The New York Times is talking about how hipsters are taking over San Francisco, and how the art scene here is dead. I just smile and nod, since people have been saying a version of this for decades.
San Francisco was born in revolution and chaos: taken from the Ohlone by the Spanish, liberated into Mexico, planned and built by a Spanish-English coalition, ceded by Mexico to the United States. It’s been shaken by earthquakes, and economic and political upheaval, every twenty or so years.
I don’t think a silver bullet and wooden stake could kill this town of “the cops, the crooks, and the big rich.”
|Paddling on Stow Lake in Golden Gate Park|
Yes, it’s expensive to live here. It felt expensive when I first moved here in 1979, and lived in a roach-infested one bedroom flat on Post between Polk and Larkin for $400 a month. We lasted just a few months before we fled for a cheaper city.
And yes, an awful lot of tech employees have moved into the Mission and there’s been a kerfuffle of protest. Meanwhile, 4,000 additional people moved into my neighborhood just last year. We didn’t make the news, because OMI isn’t hip, hell, it’s just newly reclaimed from serious drug violence. Its petite charms are yet to be discovered by the press and the hipsters.
|The view from my office in OMI|
Quiet, child-rearing techsters are moving into the OMI as those originally forced to move here in the 1960s are selling off their inherited properties before the next housing bust. It’s a quiet, orderly changing of the guard, and I hope it happens just as slowly as it possibly can. My neighbors on either side are sweet, wise women who help keep their kids’ lives together in the face of still-rampant racism and underemployment. Nobody hates us over here in OMI, not yet anyway. It’s not a badge of honor to be one step above drug-trade violence, but I’ll take what I can get.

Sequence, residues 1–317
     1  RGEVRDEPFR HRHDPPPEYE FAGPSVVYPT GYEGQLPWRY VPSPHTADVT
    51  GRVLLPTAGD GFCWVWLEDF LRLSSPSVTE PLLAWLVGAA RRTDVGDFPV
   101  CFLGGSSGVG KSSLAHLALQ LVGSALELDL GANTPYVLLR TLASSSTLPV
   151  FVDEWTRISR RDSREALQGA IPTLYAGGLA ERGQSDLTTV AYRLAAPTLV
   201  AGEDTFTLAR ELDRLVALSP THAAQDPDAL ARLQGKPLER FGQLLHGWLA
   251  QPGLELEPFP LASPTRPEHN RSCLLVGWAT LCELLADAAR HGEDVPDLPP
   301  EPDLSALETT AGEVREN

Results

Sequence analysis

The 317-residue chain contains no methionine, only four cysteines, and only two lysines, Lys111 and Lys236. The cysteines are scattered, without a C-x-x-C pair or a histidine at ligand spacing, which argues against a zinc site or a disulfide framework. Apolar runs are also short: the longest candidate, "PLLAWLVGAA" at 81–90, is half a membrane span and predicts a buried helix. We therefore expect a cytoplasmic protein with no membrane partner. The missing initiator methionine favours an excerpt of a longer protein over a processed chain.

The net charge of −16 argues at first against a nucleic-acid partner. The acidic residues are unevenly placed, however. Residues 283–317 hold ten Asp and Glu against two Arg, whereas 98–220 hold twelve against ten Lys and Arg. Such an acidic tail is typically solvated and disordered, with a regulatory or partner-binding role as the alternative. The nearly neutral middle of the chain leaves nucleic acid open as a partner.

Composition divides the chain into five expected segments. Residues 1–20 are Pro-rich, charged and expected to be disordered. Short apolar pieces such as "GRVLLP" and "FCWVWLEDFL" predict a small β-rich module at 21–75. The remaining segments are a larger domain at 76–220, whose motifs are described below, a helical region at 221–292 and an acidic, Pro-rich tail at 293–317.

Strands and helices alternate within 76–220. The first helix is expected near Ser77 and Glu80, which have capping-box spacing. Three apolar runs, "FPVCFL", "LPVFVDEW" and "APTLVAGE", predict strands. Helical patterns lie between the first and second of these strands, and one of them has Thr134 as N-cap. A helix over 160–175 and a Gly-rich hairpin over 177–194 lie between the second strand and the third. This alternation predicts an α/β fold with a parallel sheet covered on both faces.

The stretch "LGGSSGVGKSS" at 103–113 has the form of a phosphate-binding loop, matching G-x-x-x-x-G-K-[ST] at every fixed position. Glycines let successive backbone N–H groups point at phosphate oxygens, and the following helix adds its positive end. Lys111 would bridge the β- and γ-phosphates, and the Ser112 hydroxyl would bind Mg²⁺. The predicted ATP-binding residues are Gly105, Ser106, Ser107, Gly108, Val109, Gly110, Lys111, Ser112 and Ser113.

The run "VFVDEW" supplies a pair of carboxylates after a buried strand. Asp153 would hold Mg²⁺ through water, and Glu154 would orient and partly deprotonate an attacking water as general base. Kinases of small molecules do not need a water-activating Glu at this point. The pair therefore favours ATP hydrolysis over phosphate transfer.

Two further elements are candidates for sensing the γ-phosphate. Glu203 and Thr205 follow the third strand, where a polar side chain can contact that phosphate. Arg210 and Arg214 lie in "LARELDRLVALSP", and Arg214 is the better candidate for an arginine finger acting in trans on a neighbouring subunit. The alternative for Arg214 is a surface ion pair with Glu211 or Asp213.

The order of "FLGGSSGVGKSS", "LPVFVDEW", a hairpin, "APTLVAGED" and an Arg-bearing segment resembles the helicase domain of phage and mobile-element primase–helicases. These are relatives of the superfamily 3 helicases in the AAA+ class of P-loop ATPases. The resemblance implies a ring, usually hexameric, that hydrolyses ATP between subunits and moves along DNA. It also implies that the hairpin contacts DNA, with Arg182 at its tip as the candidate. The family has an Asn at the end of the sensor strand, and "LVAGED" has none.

You can see where the hipster stereotype is coming from. At a recent visit to a Mission coffee shop, I saw a lot of people in porkpie hats, completely absorbed in their digital devices, ignoring the world around them. So I think the hipsters, who are spending upwards of 70% of their income on rent, have a little more work to do if they want to belong instead of be reviled. I know it’s possible, because I see it in my OMI neighborhood every day.
San Francisco, the first beautiful thing I found after my mother’s death, has artists and writers who live and work here without angels, municipal, corporate, or private--it's not any more artistically dead here than when the Summer of Love morphed into the Winter of Dirty Sidewalks. Whether it's Noir City, LitQuake, Outside Lands, or smaller salons and gatherings, we’re here, and we’re creating every day—directly, or indirectly by supporting city-wise initiatives like San Francisco Beautiful or 826 Valencia. Perhaps we could be less iconoclastic, and instead grow better skills of cooperation with each other but we’re not dead. Far from it, my friends. And, like the rollickingly open port city we've always been, we welcome you, whether or not you live within our 47 square miles.
Here’s a list of just some of the local writers’ activities you might can check out:
What’s your favorite SF arts organization?